Quebrada Pro Wrestling, Puroresu, & Mixed Martial Arts Reviews by Mike Lorefice

NJPW World Pro Wrestling 7/23/94 '94 Summer Struggle
taped 7/8 Hokkaido Sapporo Nakajima Taiiku Center
a.k.a.
NJPW Tadakai no Wonderland ~Chosenshi Gekiko Hen~ #668 3/12/01

Jushin Thunder Liger vs. The Great Sasuke 15:15. Sasuke was the best flying wrestler to come down the pipe in quite some time, but it still took the great New Japan juniors to incorporate his amazing offense into superb singles matches. His rematch with Liger was even more of a Sasuke showcase, as The Great One ultimately had to repay Liger for putting him over in the 4/16/94 SUPER J-CUP semifinal. Sasuke came out in kamikaze mode, but injured Liger’s arm during the initial aerial surge. Though Sasuke can certainly go on the mat, the biggest liability of his game is he’s almost never able to make the stretching and submission meaningful in a match he’s carrying. With Liger taking the initiative, they bounded that hurdle in less than 30 seconds, as Jushin beginning to sell his arm before we should have had any reason to believe it had been damaged, thus urging Sasuke to spend the early portion taking it apart. Liger typically came back with his shotei, except now performing the move hurt him almost as much as it hurt Sasuke. Knowing he can’t match Liger’s power long before Liger tossed him like a rag doll with a released German suplex, Sasuke kept the pace as fast as possible in standup. He performed 3 dives including a suicidal plancha with Liger in the guard rail gate, which is just big enough for Sasuke to land without coming down upon the standing metal, but Sasuke still hurt his knee landing on the metal connector that rests on the floor. Perhaps the most impressive aspect of the match is just how fast it seemed. Even the most ardent groundwork hater couldn’t get bored with the submission spots, yet on the other hand it never appeared as though they were plowing through the submissions. Moreover, as dazzling as the offense consistently was, the contest never felt like a spotfest. That said, if there’s a downside, it’s the bout being a bit on the short side. Sasuke, who had noticeably improved in the brief time since the J CUP, mostly through his success lending him the confidence to know he belongs on the largest stage with the best wrestlers in the world, gives another memorable, show stealing performance. Liger was at his most unselfish - everything while seeming to be nothing - to the point he has little offense until the final few minutes. A brilliant match apart from Liger actually having to remind Sasuke which arm he’s supposed to be working over. Full Match Review ****3/4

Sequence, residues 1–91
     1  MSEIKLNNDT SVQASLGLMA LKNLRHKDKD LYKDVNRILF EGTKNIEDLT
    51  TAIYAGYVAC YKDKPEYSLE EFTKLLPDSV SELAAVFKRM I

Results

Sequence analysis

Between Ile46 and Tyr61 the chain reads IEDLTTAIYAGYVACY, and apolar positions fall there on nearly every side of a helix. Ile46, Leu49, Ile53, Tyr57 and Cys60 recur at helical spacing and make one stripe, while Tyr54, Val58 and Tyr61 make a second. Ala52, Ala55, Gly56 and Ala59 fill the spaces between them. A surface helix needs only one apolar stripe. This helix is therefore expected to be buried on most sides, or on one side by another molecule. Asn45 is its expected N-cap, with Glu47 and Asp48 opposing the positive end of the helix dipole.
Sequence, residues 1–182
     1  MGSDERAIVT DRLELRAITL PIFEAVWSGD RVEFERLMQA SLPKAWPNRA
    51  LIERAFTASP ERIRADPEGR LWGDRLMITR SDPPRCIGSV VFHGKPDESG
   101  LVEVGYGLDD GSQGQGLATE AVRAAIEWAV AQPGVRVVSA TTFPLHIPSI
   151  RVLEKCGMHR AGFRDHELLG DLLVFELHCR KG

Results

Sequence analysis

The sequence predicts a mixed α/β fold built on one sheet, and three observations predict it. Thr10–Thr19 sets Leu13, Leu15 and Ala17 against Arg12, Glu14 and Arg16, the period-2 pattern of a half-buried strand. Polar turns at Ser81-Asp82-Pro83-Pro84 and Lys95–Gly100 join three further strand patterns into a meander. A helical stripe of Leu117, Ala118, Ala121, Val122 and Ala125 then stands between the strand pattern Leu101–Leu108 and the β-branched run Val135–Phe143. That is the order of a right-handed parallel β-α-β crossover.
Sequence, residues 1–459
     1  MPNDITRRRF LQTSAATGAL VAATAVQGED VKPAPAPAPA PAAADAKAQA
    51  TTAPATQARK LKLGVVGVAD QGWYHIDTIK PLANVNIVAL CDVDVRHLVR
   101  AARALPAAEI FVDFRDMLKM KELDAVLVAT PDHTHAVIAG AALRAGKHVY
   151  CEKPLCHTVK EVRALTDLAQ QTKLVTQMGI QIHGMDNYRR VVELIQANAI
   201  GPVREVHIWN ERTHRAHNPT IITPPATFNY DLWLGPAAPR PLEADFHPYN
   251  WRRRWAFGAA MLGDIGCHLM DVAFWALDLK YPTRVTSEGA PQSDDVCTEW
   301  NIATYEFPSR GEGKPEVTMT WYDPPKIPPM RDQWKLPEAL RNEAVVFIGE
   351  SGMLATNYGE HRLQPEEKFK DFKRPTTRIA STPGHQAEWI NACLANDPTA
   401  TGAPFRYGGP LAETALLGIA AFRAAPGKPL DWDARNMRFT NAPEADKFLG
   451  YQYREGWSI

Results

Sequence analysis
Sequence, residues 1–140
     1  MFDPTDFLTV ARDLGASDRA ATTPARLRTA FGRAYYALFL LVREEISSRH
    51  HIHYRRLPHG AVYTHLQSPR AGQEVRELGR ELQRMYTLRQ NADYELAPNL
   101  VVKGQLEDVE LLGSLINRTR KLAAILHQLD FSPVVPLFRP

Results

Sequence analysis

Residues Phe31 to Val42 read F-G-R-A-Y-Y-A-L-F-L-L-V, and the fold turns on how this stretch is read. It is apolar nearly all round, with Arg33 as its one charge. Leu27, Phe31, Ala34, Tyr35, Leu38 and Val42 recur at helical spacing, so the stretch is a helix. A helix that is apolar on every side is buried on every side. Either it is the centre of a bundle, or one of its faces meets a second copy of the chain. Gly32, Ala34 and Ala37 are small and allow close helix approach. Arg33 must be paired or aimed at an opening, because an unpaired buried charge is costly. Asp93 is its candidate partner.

Keiji Muto & Hiroshi Hase vs. Rick Steiner & Scott Steiner 20:55. Seeing them in later years, it's difficult to remember the excitement generated by The Steiner Brothers matching up with the best tag teams in New Japan. The Steiners felt they had something to prove when they journeyed to the orient, and actually respected the top opposition leading to matches such as this where everyone fired up and put each other over. Yes, even Scott Steiner sold today, not necessarily in believable fashion, but we'll take what we can get. For the most part, even Scott's substandard selling came off very well because Muto & Hase, who were in top form, were wrestling a very athletic style that didn't require much help from the opponent. Scott was tossing them around with every move, and they were making him look like a million bucks. The crowd was into it early, really reacting to what Muto & Hase were doing. They pulled out all the tricks here to get reaction - saves, double teaming, going alone because partner is down and out, etc. Comparative to the New Japan matches involving their peers, the heavyweight tag was actually far more spectacular than the previous Liger vs. Sasuke junior singles match. ****


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